Religion

Nature, And Something Else Beside Nature

I have an artist friend, Anna, who is deeply educated in scientific understandings and inhabits their reality. When we walk in the woods she can tell me all sorts of things about the evolutionary relationships between the plants, the geological history of the cliffs, the physics of the thunderstorm and the rainbow. She holds no notions of supernatural agency. In terms of scientific worldview, we’re the same.

But Anna also speaks to the rocks, and the rocks speak back to her. So do the trees and the flowers and birds. We’re not talking metaphor. I can do the metaphor. But I can’t do what she does. She inhabits a second reality.

I have another friend Laura who works at an environmental agency and incorporates science-based understandings at every turn.

And then she also organizes much of her experience around astrology, tarot cards, Feng Shui and a sense that the universe speaks to her through such media. When I participate with her in her rituals, I don’t go where she goes.

My third friend Andrew is an astrophysicist with a research position at a top university. He’s one of the masterminds at designing experiments relating to gravity and relativity.

But he also prays to a very Christian God.

“I’ve always believed in God,” he’s told me. “God has been with me continuously since I was a little boy. God is in everything I see and do.”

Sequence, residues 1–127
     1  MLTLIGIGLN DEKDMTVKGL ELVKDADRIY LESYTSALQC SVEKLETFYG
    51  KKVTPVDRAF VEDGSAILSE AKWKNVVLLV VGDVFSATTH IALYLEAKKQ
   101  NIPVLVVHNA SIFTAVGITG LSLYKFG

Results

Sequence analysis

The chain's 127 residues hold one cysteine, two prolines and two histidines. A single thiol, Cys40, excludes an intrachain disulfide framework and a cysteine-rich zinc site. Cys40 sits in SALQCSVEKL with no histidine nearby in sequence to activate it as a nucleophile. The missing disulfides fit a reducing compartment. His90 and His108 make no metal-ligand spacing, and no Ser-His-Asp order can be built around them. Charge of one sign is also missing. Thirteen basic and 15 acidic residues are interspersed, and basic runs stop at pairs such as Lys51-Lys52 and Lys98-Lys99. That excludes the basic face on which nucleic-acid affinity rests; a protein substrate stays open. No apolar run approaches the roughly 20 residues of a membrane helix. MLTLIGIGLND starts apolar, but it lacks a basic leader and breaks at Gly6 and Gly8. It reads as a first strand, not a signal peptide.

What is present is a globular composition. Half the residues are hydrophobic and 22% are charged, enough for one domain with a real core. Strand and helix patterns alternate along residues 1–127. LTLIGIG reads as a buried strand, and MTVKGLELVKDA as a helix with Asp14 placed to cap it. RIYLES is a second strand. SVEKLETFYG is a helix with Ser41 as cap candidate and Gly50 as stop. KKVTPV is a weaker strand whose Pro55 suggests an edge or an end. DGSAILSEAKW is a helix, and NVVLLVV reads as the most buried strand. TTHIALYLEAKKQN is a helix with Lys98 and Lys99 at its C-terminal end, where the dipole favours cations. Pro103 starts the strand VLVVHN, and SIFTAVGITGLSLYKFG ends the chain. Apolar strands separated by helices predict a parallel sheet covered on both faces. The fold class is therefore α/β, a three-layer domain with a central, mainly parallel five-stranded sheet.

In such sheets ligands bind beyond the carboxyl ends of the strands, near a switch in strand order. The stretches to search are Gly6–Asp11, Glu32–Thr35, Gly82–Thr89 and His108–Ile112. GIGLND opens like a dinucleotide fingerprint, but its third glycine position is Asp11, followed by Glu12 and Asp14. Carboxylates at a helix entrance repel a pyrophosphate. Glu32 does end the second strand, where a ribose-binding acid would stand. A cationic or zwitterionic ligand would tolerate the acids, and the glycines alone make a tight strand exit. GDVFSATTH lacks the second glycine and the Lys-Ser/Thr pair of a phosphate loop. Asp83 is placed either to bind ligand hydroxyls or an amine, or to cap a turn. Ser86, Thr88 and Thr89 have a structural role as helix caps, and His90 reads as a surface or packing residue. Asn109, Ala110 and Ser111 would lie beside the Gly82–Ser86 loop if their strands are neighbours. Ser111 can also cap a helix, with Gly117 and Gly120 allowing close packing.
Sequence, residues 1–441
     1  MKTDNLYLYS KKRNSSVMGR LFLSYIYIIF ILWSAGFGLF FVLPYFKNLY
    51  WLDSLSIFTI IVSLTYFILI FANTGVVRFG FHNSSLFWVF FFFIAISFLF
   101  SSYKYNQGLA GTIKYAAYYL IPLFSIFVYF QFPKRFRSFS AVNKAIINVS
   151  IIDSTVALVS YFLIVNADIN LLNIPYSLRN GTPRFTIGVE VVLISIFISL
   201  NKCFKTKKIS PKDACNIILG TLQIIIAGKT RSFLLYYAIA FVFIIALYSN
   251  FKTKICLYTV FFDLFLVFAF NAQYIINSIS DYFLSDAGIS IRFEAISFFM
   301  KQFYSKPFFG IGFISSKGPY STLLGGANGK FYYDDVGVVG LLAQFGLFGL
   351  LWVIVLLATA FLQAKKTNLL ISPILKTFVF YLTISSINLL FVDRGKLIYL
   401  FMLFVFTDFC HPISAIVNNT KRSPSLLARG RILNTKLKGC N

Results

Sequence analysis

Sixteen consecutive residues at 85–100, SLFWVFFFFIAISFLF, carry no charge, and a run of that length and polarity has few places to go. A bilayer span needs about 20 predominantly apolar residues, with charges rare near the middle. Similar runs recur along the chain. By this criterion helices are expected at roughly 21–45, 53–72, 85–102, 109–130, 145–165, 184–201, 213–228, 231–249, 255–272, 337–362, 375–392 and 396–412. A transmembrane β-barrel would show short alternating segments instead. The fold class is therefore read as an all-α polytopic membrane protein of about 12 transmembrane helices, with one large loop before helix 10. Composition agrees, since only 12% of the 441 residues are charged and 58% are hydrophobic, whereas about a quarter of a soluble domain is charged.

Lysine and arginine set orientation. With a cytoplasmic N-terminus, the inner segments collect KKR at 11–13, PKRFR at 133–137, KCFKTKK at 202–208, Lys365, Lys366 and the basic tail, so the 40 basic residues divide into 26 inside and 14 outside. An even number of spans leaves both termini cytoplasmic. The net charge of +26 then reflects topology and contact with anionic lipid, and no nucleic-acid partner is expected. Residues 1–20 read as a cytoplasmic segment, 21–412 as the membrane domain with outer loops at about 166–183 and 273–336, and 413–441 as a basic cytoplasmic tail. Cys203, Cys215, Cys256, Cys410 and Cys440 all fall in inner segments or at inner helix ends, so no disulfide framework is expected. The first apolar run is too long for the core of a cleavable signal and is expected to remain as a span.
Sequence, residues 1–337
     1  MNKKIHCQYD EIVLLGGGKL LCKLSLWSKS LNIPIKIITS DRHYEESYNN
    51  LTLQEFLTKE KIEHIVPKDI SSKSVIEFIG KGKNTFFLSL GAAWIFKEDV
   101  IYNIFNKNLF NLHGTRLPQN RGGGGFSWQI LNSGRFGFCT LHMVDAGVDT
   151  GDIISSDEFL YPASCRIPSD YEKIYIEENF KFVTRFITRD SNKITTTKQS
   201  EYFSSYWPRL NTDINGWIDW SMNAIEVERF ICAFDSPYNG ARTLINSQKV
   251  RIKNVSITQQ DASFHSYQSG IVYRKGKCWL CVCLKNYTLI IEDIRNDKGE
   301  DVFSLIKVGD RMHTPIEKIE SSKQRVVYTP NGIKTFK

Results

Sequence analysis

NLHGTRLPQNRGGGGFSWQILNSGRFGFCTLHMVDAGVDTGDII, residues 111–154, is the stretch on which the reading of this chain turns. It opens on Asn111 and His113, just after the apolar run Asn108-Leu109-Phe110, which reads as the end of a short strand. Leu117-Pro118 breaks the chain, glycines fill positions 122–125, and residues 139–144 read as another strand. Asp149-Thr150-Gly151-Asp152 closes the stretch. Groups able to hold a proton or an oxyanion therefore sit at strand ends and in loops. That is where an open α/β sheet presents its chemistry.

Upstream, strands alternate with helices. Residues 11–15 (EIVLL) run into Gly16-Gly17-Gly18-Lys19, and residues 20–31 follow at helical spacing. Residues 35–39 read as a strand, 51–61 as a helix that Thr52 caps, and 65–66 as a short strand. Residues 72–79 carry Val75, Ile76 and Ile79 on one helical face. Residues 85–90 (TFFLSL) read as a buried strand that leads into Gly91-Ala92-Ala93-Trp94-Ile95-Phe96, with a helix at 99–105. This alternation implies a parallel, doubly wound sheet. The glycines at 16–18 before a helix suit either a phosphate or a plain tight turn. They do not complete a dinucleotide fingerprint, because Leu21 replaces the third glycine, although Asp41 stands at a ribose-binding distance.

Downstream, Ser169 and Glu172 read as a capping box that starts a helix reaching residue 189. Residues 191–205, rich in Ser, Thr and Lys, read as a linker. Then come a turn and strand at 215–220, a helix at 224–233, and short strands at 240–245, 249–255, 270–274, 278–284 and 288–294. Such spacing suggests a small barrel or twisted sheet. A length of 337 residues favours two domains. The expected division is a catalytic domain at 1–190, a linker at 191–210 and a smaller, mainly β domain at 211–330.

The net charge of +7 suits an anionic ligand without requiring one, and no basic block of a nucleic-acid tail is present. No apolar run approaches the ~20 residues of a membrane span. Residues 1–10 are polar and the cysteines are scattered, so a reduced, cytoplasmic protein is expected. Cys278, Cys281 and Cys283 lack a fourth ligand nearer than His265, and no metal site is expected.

Not a metaphor.Not some half-baked concept like “God is Creativity” or “God is Love.” I can say those things. But I can’t say what he says.

So are my friends delusional and I’m not? Or do they perceive things that I’m too defective, too inhibited, too closed-off to perceive?

And are these even the right questions? I don’t think so.

My friends fully embrace Nature, and then they inhabit Something Else Besides Nature as well. Anna makes no effort to explain, to herself or to me, how rock language “works.” She doesn’t insult her experience with Whiteheadian concoctions about quarks having consciousness. Nor does Andrew volunteer to explain to me how it is that he will continue to have life after he dies –- maybe he doesn’t even explain it to himself. He just has the full sense that this will be so. And as for Laura, the many ways that the universe speaks to her generate rich and meaningful understandings in her life.

I confess that I have a lot of trouble being patient with Nature-deniers, with folks who need to say that this-and-that about the scientific worldview is false so that their beliefs can therefore be true.

But I also have a lot of trouble with those who would roll their eyes at my friends.

I would say that all four of us are doing the really important part. All of us are taking Nature to heart, humbly acknowledging our place in the whole and celebrating the story of the whole and seeking to remediate environmental and social injustice.  We’re all fully here.

And then, after that, my friends also go elsewhere. How cool is that?

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